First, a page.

Trade shows and conferences are still the biggest areas of investment for marketers, according to the most recent MarketingSherpa B2B Marketing Benchmark Report. And, as we marketers have embraced digital, the value of face-to-face interactions has increased.
There really isn’t a digital replacement for shaking someone’s hand or reading their body language and all the other benefits of human interaction. It’s all about building relationships.
Yet, many companies still measure marketers on cost-per-lead metrics when such metrics are inadequate for measuring face-to-face interactions at trade shows.
The real value of trade show interactions
Consider this: The cost of having one qualified face-to-face meeting with a prospect is often hundreds of dollars; it’s often $30 to $100 to have a phone conversation. CEOs need to look at the economics of competitive market dialogue holistically, with Marketing and Sales working together to walk customers and prospects through the buying cycle as economically as possible.
From this perspective, the cost of face-to-face conversations takes on a very different perspective. Trade shows and conferences are a great way to have many face-to-face meetings in a short time.
Plus, you can learn a lot at a trade shows from customers, prospects and even competitors.
Optimizing face-to-face conversations at trade shows
The challenge is that for those staffing booths, the hours are long and the conversations unending. To capitalize on these face-to-face interactions, the trade show team needs a much better way to distill conversations for future follow-up, especially since so many people who will be doing the following up won’t be the ones who spoke to the customer or prospect at the event.
Why not direct some trade show investment to a better means of capturing the conversation? For example:
- Most trade show name badges include quick response (QR) codes that detail prospects’ names, titles and contact information. Why not scan these codes with a smartphone or an iPad? When scanned and populated into your CRM, you eliminate the data entry errors that inevitably happen when business cards are entered manually.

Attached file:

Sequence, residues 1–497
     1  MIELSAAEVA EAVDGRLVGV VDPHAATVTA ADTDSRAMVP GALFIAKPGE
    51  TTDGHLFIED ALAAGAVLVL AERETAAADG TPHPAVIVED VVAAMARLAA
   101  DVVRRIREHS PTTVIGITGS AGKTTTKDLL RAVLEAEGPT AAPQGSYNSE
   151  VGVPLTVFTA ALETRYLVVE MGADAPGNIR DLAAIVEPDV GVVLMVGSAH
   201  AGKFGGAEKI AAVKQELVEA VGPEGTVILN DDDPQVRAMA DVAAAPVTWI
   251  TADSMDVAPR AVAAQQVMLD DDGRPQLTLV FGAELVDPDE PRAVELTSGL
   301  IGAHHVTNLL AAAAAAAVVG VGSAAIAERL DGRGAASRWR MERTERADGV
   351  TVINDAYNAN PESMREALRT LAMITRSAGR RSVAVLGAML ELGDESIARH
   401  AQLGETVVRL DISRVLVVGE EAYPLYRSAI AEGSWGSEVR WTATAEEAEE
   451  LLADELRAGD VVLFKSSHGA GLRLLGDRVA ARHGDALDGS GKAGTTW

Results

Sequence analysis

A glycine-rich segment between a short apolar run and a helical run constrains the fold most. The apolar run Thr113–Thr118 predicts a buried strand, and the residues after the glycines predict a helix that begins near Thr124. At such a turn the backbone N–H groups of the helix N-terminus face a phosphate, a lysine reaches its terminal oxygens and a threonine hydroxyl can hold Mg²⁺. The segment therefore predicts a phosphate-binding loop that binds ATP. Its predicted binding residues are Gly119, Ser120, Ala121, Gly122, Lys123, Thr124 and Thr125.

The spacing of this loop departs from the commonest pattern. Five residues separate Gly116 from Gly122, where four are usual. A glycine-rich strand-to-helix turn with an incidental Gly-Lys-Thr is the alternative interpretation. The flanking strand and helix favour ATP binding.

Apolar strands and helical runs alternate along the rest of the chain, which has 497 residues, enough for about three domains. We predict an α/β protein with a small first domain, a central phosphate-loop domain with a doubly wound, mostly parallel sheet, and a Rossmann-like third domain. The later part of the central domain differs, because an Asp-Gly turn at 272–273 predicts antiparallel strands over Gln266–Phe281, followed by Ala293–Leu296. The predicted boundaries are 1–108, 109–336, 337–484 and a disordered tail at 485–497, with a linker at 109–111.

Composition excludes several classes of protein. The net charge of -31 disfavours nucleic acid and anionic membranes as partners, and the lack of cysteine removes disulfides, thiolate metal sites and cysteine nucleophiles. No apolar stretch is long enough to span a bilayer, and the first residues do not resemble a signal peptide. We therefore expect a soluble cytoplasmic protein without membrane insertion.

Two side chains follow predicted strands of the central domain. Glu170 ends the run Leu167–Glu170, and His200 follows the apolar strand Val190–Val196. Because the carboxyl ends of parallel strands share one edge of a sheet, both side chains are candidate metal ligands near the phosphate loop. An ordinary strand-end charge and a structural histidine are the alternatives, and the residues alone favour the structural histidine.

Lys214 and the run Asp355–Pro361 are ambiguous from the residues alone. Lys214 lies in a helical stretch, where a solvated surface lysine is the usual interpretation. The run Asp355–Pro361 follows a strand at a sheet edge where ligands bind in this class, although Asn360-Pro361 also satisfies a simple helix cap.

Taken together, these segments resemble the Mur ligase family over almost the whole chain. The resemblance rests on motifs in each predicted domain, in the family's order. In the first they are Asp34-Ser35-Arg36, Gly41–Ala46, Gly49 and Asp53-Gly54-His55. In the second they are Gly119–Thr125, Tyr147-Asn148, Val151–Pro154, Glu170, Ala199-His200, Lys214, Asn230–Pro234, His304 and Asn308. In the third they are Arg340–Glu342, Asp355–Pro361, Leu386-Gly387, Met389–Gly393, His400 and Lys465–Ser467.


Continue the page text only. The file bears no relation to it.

- Associate this information with a simple form that the sales professional can access from a smartphone or an iPad and use to distill the conversation. You could include:
- A few key pain points/motivations that relate to your solutions
- One or two qualifying questions, such as the size of the account
- A drop down for the contact’s position, e.g., CxO, VP, director, practitioner
- A short free-form text field the rep can use to write a note
Invest in working smarter
A (relatively) small technology investment will help sales and event professionals work smarter. They’ll instantly capture why customers might want to buy your product and be able to follow up with the most relevant conversation. Sales professionals can then subsequently focus on the issues that are most important to the prospects whether it’s a week or a month after the trade show.
Which brings me to my final point: Unless there is a specific, time-sensitive request by the prospect, hold off on follow-up until at least a week after the event. Having been out of the office for a few days, the prospect’s hair will be on fire, and very likely, for the next few days thereafter, his or her inbox and email will be filled with messages.
Of course, many vendor messages will be generic and therefore ineffective. Yours, on the other hand, will connect with the prospects’ motivations and more likely convert them into pipeline.